The decade's most triggering comedy
Just a few weeks after Procter & Gamble reported a sobering $8 billion writedown, Gillette has officially called off its war on “toxic masculinity.” The embattled brand has announced that it is now “shifting the spotlight from social issues to local heroes.”
While the brand is admitting that it’s reversing course on the social issues messaging, Gillette is presenting its new focus as simply a return to what it’s always done. “We will continue to represent men at their best,” Gillette said in a statement reported by News Corp Australia. Instead of the “social issues” focus, the brand will begin to highlight positive portrayals of “heroic” masculinity, as seen in its new ad starring Ben Ziekenheiner, an Australian firefighter and personal trainer.
Gillette’s “toxic masculinity” mess began in January when the brand released an ad accusing men of “excusing bad behavior” and portraying traditional masculinity in an entirely negative and stereotypical light.
“‘Boys will be boys’? Isn’t it time we stopped excusing bad behavior? Re-think and take action by joining us at http://TheBestMenCanBe.org,” the brand tweeted in mid-January. The ad features men engaged in all kinds of bad behavior, including bullying, catcalling and groping women, and violence — while a line of men behind grills declare the dismissive mantra “Boys will be boys” in one obstinate voice.
The ad presents the #MeToo movement as the moment when the alleged “toxic masculinity” culture “finally changed.” “There will be no going back because we — we believe in the best in men,” the narrator states. “To say the right thing, to act the right way. Some already are — in ways big and small. But some is not enough because the boys watching today will become the men of tomorrow.”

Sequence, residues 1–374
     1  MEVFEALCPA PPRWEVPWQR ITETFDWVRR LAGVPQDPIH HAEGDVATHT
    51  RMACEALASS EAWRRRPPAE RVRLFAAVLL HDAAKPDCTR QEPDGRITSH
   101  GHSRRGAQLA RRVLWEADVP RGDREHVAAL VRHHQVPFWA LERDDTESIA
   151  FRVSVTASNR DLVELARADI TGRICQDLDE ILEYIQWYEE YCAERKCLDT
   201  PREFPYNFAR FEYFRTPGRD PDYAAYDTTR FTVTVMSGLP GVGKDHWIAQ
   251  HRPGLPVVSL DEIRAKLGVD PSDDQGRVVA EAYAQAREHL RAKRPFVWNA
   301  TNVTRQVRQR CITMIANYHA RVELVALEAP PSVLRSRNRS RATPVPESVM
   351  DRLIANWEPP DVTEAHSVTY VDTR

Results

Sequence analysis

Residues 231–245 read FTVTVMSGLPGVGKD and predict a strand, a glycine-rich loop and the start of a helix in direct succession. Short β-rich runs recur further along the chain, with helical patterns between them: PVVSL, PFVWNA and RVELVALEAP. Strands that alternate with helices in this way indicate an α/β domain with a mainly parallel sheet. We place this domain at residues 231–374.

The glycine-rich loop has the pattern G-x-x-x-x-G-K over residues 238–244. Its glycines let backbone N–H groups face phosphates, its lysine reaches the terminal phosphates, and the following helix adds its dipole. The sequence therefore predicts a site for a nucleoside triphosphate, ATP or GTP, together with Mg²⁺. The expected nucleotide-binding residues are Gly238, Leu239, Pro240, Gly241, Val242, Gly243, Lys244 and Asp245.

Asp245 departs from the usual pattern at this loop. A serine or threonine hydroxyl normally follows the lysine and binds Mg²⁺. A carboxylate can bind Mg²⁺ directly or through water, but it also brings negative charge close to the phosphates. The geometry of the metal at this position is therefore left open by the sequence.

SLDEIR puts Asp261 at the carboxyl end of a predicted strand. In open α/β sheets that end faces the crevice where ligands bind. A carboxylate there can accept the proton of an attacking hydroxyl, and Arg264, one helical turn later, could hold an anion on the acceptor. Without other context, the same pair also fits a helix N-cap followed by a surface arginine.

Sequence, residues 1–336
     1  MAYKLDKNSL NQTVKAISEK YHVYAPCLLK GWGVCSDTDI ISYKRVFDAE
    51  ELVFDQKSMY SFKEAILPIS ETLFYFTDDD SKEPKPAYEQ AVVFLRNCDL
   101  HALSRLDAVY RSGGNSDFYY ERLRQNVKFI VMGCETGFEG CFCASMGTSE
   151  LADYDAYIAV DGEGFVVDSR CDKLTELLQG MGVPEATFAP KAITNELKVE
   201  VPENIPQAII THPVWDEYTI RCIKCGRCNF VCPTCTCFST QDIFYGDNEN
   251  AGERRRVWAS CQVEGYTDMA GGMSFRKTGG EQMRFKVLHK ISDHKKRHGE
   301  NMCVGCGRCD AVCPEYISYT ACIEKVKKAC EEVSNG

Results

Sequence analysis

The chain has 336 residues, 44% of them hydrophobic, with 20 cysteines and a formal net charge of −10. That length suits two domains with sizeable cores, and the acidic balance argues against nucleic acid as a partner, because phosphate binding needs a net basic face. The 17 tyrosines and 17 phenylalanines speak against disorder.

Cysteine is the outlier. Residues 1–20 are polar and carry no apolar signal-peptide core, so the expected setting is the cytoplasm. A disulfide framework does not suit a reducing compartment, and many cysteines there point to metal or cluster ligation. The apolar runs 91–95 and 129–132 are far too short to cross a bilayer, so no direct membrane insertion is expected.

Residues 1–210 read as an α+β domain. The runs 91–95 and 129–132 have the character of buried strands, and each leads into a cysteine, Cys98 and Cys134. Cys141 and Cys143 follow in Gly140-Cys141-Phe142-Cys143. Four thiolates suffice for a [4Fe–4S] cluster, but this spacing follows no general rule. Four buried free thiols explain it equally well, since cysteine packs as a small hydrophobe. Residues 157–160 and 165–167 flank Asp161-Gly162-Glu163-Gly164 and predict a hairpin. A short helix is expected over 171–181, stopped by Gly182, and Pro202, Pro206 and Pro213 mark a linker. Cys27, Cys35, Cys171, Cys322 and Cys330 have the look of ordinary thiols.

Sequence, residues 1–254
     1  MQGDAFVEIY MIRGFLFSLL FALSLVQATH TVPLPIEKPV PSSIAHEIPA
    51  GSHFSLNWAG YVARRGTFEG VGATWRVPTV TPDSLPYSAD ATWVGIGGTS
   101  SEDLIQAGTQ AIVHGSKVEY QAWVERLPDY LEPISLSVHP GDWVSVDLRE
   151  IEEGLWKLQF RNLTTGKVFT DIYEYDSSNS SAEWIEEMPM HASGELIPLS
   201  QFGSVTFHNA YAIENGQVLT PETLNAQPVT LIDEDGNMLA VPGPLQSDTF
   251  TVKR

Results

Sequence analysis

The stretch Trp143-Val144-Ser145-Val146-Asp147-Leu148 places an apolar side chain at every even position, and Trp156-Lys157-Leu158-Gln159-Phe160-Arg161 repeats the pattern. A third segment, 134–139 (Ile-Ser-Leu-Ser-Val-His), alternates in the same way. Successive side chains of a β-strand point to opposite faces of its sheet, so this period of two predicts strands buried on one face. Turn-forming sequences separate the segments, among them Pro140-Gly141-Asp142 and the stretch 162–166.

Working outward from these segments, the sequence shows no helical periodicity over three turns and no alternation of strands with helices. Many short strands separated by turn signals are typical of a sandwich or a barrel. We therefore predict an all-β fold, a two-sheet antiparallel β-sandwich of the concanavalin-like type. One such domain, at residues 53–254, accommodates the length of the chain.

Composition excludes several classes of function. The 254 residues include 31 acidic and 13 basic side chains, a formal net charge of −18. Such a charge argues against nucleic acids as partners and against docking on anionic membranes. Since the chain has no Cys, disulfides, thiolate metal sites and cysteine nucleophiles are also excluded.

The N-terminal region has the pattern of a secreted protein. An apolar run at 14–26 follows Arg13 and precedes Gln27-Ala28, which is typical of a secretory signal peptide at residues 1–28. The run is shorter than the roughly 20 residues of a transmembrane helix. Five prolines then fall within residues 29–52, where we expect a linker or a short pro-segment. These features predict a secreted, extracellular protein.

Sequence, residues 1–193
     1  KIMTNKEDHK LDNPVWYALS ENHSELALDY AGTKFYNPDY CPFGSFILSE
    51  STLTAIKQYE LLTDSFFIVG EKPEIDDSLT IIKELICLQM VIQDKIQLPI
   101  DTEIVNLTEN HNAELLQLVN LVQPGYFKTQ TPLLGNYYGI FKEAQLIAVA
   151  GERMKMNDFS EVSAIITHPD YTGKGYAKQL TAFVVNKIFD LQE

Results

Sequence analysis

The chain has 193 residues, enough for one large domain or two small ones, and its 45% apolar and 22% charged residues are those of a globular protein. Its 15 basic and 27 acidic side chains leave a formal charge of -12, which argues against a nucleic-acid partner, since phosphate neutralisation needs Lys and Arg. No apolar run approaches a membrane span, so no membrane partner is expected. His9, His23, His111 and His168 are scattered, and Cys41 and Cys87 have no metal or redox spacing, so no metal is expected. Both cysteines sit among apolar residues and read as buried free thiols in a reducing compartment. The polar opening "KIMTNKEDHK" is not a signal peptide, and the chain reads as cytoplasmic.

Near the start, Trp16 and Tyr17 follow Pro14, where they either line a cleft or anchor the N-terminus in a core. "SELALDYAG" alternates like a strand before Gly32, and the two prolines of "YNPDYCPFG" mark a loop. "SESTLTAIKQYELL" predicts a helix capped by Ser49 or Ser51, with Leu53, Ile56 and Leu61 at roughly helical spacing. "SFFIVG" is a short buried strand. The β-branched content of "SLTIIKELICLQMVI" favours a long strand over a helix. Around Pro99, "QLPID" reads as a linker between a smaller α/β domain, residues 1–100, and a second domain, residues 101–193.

The backlash to the scolding and sexist ad was swift and strong, with many Gillette users taking to social media to announce they were done with the brand. For the next few months, Gillette responded by doubling down on the social justice messaging, releasing a “fat acceptance” ad as well as an ad showing a father’s first time teaching his female-to-male transgender child how to shave.
But as The Daily Wire reported, seven months after rolling out its “toxic” campaign, Gillette’s parent company Procter & Gamble found itself taking an $8 billion writedown for the brand. Despite positive performance overall for Procter & Gamble Co., who enjoyed better than expected profits last quarter, the company ended up reporting a net loss of over $5 billion. The reason: Gillette’s nosedive.
“Procter & Gamble Co’s (PG.N) quarterly revenue and adjusted profit beat Wall Street expectations on Tuesday, sending shares to a record-high even as the world’s No.1 personal goods company took an $8 billion charge on its Gillette shaving business,” Reuters reported in late July. Procter & Gamble “reported a net loss of about $5.24 billion, or $2.12 per share, for the quarter ended June 30, due to an $8 billion non-cash writedown of Gillette,” the news agency explained.
Gillette has given a number of explanations for its heavy losses, including currency fluctuations and “more competition over the past three years and a shrinking market for blades and razors as consumers in developed markets shave less frequently.” The razor industry, Reuters noted, has declined by 11% over the last 5 years. But critics say Gillette is leaving out a key factor: alienating a large percentage of its potential consumer base.